Yesterday, Jean-Yves Thibaudet played the Debussy Préludes in Carnegie Hall—all of them: Book I and Book II, amounting to twenty-four preludes (a dozen in each book). Occasionally, you will hear one book or the other, constituting half a program. Radu Lupu, the late Romanian pianist, played the Debussy Préludes in Carnegie Hall. In a 2008 recital, he played Book I; in a 2013 recital, he played Book II. Thibaudet did them all in one go.

In every generation, there is a great French pianist, or two. And I am using the term “French pianist” broadly—to mean a player of French piano music, whatever his nationality. Usually, such a player is French, true. I think of Robert Casadesus. I also think of Monique Haas, who studied with him.

But I also think of Grant Johannesen, born in Salt Lake City. (He, too, studied with Casadesus.) Lupu was great. How about pianists today? Pianists apart from Jean-Yves Thibaudet? I think of two Chinese pianists, Lang Lang and Yuja Wang. Each of them has shown fabulous skills in Debussy and Ravel. They have the fingers, they have the colors, and more.

In any event, Thibaudet is a great French pianist, in both senses, as he established long ago, and as he confirmed yesterday afternoon, in the Debussy Préludes.

I don’t think I have ever heard these pieces so unshowy. Thibaudet eschewed all display. The preludes were understated, subtle, nuanced. Also, Thibaudet played with an easy virtuosity. You have heard the expression “to wear one’s learning lightly.” Thibaudet wore his virtuosity lightly. But, heavens, it was there. As he played, I thought, “There was a boy who practiced his Czerny.”

His use of the sustain pedal was shrewd. Deft. I don’t think I have ever heard so little pedal in the Préludes. There was never too little, but never too much, either. Thibaudet played with remarkable limpidity, as a player of this music must. But he also added crunch, where appropriate. In “La cathédrale engloutie” (“The Sunken Cathedral”), he played deep, deep into the keys, producing fortissimos. But there was no pounding.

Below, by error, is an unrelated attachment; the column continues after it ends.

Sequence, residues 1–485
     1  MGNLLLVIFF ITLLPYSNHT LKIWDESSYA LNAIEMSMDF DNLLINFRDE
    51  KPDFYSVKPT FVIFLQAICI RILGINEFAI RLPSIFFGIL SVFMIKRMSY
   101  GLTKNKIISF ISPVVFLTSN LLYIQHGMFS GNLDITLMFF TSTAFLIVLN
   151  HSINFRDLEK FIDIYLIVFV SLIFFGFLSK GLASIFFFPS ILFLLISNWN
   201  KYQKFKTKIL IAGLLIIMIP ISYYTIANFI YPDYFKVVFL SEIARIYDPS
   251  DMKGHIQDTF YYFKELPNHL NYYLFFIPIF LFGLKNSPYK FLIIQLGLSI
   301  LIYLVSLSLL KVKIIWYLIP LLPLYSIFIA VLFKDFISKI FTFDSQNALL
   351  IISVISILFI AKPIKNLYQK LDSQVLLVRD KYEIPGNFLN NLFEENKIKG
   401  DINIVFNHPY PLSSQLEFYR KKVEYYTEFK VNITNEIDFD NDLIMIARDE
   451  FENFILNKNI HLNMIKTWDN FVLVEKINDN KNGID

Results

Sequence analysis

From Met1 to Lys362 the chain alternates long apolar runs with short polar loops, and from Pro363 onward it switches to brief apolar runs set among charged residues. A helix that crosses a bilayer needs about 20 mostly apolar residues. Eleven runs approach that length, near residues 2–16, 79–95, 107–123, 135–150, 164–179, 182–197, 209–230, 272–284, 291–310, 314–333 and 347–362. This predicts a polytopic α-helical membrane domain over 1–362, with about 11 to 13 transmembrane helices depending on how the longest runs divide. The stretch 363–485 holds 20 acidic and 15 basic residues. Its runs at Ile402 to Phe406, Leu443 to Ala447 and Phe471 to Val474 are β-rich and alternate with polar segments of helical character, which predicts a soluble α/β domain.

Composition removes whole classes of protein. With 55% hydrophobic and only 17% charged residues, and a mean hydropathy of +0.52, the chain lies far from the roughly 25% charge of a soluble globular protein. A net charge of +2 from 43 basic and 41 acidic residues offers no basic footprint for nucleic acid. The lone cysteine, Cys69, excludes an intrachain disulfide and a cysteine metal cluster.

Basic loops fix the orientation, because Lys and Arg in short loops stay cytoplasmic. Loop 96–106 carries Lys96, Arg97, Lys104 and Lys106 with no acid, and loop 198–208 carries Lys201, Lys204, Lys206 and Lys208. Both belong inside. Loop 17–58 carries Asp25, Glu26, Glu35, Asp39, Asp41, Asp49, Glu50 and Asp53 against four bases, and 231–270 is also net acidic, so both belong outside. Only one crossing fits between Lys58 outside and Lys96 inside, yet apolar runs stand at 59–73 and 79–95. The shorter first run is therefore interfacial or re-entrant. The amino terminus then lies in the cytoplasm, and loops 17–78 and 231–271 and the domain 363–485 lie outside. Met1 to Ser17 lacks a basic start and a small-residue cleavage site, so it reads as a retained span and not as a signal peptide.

These preludes require a keen sense of rhythm. A little jazz, a little blues. Humor. Thibaudet supplied the Debussyan ingredients.

What to play for an encore, after those twenty-four? Personally, I would have played one of the preludes again. That would have been a true encore (for “encore” means “again” rather than “something else”). I think I would have played “La fille aux cheveux de lin,” which we know in English as “The Girl with the Flaxen Hair.” Or another Debussy piece, outside the Préludes? L’isle joyeuse?

Thibaudet opted for Liszt—the Consolation No. 3 in D flat. Someone once called it “the four most heavenly minutes in existence.”

I will jot a couple of footnotes. In the twenty-four preludes, Thibaudet used no sheet music. Others might have trouble remembering which piece comes next, to say nothing of the notes in the piece. (Indeed, remembering the order of the music might be the biggest challenge.)

And all afternoon long, cellphones went off. Ten times? Fifteen? Twenty? It was almost one phone per prelude. As a rule, I am tolerant of people whose phones go off, and sympathetic toward them. I feel bad for them, rather than censorious.

But if one phone goes off, then another, then five more—doesn’t that spur a person to check whether his own phone is off?

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